By Remko Leehuis

This piece originally appeared in Tagesspiegel.

In 1951, an article was published in the German-Jewish emigrant newspaper “Aufbau” that took aim at the repatriated philosopher Max Horkheimer, who had recently become president of Frankfurt University. The anonymous author raised serious concerns about a return to the post-Nazi society. In response to the article’s allegations, Horkheimer wrote an opposing opinion: “It is not the person who derides others for striving for a substantial change in Germany that honors the millions of Jewish victims of the Hitler regime, but the person who strengthens them.”

The American Jewish Committee (AJC) ran into the same concerns and criticisms from the Jewish community and, understandably, especially from German concentration camp survivors, when it decided to become the first Jewish organization to reestablish contact with Germany as well as strengthen those who strove to make substantial changes. Already in 1959, an AJC delegation travelled to Germany in search of ways to rebuild a democratic Germany, particularly among youth. One year later AJC brought German teachers to the United States for the first time in order to show how democratic values can be taught. These visits aimed to help the Federal Republic of Germany to once again become part of the civilized world and the West. This was a significant leap of faith into West German civil society, faith AJC maintains to this day.

Over 20 years ago, we were the first Jewish organization to open an office in Berlin. In the coming year, we will bring over a thousand of our members and donors to Berlin for the AJC Global Forum, our annual conference that usually takes place in Washington, DC. For more than a few participants, this will be the first time they step foot in the country that disenfranchised, robbed, cast out, and murdered their ancestors. The fact that we have decided to host this event in Berlin, Germany—the site where the “final solution to the Jewish question” was planned and implemented—is renewed proof of our confidence in the Federal Republic, its society, and politics.

However, part of the truth about this confidence is that it was not shaken for the first time by the attack in Halle. Even if the events on Yom Kippur were especially shocking, those in the U.S. and other Western nations have noted with concern that something has shifted in this country and ask if Germany has set course down a different path. Antisemitism has been rising for years, from all corners: right, left, Islamist milieus, and even in the center of society. Jews are once again being attacked on open streets. Some ask if it is even safe to come to Berlin next summer, and if they should be worried.

The fact that nearly 75 years after the Shoah, Jews need to ask these questions and German-Jews question whether there is a future here, is a catastrophe. However, it seems as though this is still not acknowledged by society. Only a few hundred people throughout the country expressed their solidarity with the Jewish community after the attack in Halle does not help stop the continuing erosion of trust in seemingly secure accomplishments. This is not only about the security and future of Jews in Germany. It should also be in the interests of non-Jewish Germans to take up the fight against irrational and delusional ideologies before they devour all of society. Nothing less than the liberal social order in this country is at stake.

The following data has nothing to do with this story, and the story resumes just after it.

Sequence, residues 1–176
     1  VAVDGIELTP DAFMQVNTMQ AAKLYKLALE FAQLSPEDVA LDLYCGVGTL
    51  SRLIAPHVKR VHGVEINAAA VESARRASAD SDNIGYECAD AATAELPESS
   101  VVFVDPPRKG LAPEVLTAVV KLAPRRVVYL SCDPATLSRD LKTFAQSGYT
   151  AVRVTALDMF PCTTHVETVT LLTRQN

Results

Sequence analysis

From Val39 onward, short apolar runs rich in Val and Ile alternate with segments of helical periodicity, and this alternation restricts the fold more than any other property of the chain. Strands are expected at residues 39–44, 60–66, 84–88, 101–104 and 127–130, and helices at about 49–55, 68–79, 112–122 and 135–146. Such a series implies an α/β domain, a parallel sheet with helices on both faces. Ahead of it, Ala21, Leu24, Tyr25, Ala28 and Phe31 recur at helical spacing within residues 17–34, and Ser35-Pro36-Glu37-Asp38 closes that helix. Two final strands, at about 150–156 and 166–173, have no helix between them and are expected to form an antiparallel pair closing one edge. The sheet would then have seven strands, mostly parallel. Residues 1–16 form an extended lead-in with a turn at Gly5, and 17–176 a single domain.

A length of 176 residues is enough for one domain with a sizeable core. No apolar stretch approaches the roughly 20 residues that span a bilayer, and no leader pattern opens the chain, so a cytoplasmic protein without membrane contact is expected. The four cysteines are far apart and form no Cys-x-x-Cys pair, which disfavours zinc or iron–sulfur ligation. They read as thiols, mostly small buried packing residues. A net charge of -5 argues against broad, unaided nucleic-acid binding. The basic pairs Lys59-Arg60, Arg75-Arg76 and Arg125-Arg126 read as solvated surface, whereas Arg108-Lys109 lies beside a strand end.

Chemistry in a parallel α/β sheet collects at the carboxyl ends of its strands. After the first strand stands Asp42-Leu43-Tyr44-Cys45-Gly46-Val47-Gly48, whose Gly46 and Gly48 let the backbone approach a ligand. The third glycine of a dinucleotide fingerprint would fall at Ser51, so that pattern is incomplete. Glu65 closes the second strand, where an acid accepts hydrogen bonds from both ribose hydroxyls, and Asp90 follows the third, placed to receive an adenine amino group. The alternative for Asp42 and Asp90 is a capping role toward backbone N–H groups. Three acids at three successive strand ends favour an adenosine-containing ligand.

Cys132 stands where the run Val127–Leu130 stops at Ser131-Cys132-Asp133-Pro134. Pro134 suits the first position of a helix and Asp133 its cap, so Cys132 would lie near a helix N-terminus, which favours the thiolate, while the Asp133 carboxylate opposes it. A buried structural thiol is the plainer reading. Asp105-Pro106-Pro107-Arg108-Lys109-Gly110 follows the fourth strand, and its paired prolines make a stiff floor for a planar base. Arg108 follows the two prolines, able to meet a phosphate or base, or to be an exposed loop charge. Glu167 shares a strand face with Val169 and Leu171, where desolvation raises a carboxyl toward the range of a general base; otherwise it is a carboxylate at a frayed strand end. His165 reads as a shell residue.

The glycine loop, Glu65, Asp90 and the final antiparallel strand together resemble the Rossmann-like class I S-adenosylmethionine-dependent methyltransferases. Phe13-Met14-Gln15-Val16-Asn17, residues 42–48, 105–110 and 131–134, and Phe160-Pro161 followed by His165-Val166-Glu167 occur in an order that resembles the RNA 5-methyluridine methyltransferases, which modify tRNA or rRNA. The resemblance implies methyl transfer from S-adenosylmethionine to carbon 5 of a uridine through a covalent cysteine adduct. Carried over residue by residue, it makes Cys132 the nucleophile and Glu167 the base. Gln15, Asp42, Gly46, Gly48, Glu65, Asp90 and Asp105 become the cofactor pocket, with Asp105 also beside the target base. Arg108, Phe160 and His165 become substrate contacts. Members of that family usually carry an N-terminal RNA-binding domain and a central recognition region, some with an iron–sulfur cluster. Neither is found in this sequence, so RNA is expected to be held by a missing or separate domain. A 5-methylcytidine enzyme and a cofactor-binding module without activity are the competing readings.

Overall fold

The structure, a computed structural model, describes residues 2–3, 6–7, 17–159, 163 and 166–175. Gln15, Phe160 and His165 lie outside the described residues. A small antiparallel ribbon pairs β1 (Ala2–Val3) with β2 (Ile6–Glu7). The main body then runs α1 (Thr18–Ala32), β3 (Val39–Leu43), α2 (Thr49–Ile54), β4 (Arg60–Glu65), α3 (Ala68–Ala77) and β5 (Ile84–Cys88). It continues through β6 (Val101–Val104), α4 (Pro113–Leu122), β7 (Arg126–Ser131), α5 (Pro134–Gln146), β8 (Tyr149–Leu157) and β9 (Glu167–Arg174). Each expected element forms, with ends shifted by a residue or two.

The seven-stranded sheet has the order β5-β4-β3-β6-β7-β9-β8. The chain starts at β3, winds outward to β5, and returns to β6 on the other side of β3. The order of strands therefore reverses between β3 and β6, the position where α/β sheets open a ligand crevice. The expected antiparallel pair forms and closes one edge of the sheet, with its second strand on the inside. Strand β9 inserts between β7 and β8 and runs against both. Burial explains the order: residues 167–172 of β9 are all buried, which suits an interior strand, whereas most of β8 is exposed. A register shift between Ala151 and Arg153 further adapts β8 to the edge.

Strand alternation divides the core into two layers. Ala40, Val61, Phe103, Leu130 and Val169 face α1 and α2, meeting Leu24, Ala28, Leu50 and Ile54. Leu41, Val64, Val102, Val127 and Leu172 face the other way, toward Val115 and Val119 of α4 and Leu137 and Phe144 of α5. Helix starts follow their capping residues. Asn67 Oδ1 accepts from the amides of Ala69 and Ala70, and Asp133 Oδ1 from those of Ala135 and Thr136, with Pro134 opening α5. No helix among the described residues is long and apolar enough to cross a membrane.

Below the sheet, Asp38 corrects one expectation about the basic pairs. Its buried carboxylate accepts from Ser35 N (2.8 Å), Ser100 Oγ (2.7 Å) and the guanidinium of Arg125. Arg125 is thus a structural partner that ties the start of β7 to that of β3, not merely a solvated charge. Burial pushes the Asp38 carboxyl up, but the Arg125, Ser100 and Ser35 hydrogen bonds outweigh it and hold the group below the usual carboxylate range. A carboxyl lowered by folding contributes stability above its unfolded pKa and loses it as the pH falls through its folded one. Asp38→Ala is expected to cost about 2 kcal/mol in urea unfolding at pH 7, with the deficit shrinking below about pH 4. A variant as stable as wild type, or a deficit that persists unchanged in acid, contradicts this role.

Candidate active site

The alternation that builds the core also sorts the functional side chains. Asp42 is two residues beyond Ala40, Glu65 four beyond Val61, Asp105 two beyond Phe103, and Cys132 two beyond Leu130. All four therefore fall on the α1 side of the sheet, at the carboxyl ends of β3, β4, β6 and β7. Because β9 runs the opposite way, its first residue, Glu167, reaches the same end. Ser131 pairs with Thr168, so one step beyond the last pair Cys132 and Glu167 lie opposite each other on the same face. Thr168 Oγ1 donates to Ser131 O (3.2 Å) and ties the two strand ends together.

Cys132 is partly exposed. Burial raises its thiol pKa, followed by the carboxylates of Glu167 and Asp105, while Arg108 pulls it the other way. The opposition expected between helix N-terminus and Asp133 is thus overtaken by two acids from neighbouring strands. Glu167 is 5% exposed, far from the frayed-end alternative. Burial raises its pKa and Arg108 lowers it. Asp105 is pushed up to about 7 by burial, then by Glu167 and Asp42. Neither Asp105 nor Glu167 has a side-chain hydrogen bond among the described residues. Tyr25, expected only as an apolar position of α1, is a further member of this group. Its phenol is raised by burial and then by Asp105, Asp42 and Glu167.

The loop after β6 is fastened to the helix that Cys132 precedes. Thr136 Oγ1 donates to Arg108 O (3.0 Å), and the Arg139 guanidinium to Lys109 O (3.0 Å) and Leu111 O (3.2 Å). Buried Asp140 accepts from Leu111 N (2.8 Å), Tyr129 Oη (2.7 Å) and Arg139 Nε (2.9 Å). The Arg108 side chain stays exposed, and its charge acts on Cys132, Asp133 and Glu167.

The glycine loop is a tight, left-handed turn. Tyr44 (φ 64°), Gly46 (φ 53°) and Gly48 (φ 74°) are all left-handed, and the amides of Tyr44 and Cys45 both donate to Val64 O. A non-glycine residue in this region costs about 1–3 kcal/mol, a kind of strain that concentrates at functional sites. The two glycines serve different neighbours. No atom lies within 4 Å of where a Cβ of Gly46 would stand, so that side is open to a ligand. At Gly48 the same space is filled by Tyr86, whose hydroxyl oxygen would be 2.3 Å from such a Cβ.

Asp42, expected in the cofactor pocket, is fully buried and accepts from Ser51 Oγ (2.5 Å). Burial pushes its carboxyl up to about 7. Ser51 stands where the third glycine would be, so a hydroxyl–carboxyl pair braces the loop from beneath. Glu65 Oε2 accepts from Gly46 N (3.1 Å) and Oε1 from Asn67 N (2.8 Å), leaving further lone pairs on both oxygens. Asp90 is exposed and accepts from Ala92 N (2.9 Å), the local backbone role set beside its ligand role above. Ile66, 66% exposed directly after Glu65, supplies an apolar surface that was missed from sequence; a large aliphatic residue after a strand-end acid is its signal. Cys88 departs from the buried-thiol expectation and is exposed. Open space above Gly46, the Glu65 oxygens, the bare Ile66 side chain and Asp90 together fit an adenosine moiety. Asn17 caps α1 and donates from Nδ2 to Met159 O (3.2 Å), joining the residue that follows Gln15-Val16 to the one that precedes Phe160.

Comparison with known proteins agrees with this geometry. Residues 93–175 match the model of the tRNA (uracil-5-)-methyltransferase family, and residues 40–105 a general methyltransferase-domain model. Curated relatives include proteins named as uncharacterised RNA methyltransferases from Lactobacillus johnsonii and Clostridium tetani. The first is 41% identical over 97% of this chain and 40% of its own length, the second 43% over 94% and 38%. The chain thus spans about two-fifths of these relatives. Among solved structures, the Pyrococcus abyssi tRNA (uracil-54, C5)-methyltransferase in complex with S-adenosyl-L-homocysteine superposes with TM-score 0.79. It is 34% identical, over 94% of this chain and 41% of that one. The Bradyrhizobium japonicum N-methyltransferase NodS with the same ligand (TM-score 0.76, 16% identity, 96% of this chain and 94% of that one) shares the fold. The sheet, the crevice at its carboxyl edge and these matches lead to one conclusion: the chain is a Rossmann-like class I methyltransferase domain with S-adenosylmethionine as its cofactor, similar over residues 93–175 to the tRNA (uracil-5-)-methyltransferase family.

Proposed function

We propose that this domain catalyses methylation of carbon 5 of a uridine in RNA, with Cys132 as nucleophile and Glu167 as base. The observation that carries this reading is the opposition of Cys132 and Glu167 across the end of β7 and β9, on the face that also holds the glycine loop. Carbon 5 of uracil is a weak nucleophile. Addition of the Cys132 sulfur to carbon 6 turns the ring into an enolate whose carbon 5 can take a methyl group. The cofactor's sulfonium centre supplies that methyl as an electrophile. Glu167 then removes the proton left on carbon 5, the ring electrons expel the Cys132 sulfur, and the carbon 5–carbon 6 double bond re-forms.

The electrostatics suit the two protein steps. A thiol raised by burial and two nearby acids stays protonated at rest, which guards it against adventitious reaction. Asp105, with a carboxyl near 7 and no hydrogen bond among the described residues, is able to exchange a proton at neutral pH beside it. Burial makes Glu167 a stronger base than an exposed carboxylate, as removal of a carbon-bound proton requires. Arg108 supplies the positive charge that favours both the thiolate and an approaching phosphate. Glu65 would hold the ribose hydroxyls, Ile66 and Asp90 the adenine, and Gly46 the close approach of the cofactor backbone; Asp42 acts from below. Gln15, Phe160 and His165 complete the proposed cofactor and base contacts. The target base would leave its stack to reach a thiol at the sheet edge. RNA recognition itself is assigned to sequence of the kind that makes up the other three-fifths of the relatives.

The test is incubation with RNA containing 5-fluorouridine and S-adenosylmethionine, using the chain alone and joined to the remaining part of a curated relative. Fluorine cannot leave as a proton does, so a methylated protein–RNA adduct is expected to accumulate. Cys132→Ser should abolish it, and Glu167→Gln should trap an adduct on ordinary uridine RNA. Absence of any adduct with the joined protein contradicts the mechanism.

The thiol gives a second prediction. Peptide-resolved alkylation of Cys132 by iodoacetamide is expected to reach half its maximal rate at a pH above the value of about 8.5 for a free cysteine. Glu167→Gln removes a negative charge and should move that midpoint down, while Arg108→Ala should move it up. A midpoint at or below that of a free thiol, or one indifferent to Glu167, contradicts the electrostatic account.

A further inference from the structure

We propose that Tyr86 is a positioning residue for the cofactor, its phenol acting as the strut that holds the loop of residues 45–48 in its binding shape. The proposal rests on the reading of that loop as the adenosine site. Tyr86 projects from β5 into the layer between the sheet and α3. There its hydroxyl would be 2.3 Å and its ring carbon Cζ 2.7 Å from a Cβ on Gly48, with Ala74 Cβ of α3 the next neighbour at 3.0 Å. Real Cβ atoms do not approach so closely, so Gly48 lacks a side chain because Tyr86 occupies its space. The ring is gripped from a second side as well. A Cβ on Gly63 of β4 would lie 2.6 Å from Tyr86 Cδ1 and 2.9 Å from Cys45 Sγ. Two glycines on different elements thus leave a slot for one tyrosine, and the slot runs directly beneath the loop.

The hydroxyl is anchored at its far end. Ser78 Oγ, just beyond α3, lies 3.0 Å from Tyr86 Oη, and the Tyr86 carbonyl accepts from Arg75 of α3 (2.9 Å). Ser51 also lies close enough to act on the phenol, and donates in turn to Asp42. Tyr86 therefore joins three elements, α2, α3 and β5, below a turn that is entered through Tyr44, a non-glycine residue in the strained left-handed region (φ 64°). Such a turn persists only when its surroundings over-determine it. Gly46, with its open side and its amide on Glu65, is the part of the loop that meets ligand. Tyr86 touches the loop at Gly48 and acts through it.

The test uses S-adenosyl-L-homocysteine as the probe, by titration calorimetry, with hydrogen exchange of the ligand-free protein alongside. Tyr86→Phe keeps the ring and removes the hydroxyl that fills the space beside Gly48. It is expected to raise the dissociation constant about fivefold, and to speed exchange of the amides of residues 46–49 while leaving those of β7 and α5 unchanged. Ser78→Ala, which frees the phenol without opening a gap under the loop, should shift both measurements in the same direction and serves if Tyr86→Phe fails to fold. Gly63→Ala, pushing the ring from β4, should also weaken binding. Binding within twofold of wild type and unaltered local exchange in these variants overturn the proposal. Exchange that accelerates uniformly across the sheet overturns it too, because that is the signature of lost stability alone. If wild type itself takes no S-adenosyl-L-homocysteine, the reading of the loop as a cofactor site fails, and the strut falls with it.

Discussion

Additionally, not only domestic political developments are putting this confidence to the test. Observers in the U.S. are keenly aware of the foreign policy direction taken by Germany in the past few years. Frustrating for many is the soft-pedaling towards the Iranian regime, which threatens Israel’s existence daily. Many ask why Germany, of all countries, finds it so difficult to understand that a regime calling for the murder of millions of Jews means it—it is not some ideological mythos but a central tenant of the regime. Why is an airline that refuses to carry Israelis still allowed to land in Germany? Why is the antisemitic terror organization Hezbollah still allowed to operate in Germany? Why does Germany regularly vote for anti-Israel resolutions in the United Nations? Are short-term political goals and foreign trade balances more important than historical, political, and moral responsibility?

The answers to these questions depend on whether the vote of confidence my organization gave to Germany was justified. So far, the answer is a clear yes. But there is no guarantee that it will stay that way. Here, as in other areas of life, the harder it is to build trust, the easier it is to lose. Politicians and society should be aware of these questions and rising skepticism. Or, to quote Horkheimer, who concluded his reply with, "It seems essential to me that your readers know this."

Remko Leemhuis is Acting Director of AJC Berlin.

(Translated from German by Eric Adamson, AJC Berlin Senior Associate for Research and Policy.)

Back to Top